"That's all I ever did. I never had a land job. Now, all of the sudden, they're going to tell me that I can't do what I love to do," Pete Ringen said.
Ringen has been catching lobsters for forty-two years, but may be forced to give it up.
Marine biologists say Long Island Sound lobsters are struggling. They are victims of rising sea temperatures that appear to hinder reproduction.
"There are no recruits coming in. No baby lobsters to replace the bigger ones that are coming out, and that's what really has most of the scientists concerned," Jim Gilmore, New York State Department of Environmental Conservation.
Officials are considering a five-year moratorium on lobstering in Long Island Sound and the waters south of Cape Cod, Massachusetts.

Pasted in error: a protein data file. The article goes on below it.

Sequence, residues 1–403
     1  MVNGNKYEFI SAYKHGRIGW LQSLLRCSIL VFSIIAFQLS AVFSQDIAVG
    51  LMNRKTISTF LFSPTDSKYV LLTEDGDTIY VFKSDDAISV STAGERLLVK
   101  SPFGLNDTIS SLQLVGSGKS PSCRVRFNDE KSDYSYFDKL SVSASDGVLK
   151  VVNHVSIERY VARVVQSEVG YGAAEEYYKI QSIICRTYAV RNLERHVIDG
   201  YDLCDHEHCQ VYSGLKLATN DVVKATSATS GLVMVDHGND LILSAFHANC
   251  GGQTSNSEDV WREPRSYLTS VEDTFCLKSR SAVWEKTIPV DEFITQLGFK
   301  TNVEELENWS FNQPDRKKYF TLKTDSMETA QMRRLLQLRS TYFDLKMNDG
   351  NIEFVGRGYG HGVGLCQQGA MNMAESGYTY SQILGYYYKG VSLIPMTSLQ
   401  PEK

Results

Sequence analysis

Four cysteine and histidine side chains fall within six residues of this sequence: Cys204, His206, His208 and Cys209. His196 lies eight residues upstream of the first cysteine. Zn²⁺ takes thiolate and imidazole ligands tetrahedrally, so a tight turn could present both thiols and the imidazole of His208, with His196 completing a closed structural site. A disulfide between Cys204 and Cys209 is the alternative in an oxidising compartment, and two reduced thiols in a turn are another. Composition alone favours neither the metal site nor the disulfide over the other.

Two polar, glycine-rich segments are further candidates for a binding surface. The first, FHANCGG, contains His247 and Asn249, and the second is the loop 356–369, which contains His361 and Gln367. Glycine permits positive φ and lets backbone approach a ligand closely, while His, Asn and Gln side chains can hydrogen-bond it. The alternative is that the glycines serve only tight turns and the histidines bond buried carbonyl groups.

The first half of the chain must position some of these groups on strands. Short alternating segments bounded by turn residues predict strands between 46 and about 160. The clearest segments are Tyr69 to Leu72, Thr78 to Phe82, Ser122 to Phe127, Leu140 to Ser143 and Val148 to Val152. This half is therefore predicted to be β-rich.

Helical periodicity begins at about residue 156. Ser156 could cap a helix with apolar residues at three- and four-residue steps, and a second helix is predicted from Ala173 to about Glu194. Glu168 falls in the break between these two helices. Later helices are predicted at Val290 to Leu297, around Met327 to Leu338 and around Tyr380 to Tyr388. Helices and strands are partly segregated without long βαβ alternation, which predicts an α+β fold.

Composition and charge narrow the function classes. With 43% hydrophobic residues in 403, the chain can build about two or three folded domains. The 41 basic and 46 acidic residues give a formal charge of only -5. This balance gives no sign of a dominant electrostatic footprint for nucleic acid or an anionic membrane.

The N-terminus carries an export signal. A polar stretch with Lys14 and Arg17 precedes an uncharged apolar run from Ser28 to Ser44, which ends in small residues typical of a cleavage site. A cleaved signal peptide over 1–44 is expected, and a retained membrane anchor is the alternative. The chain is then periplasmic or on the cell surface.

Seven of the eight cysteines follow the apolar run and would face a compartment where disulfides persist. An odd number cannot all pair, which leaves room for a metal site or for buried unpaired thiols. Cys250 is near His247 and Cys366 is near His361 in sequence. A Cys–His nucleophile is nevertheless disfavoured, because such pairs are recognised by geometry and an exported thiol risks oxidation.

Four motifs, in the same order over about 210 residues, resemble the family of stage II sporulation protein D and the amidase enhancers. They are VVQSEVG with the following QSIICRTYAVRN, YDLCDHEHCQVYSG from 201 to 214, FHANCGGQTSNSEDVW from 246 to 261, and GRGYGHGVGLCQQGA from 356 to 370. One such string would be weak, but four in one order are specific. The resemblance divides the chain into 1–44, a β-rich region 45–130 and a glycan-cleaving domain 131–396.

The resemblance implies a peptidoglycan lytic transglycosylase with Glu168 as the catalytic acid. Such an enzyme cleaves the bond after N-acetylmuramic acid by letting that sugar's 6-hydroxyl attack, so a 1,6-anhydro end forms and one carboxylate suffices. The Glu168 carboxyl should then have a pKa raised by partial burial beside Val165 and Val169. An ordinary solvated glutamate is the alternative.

Public hearings are expected in the fall and an official decision has yet to be made.
The ban could help the lobster population recover, but many lobstermen dispute the government's findings.
"They're wrong. Just leave it alone. That's all we ask. Leave it alone. It will take care of itself," Ringen said.
Experts are hoping a moratorium would do for lobsters what it did for striped bass. After eight years, the ban was lifted. And there are now more striped bass in Long Island Sound than anyone can remember.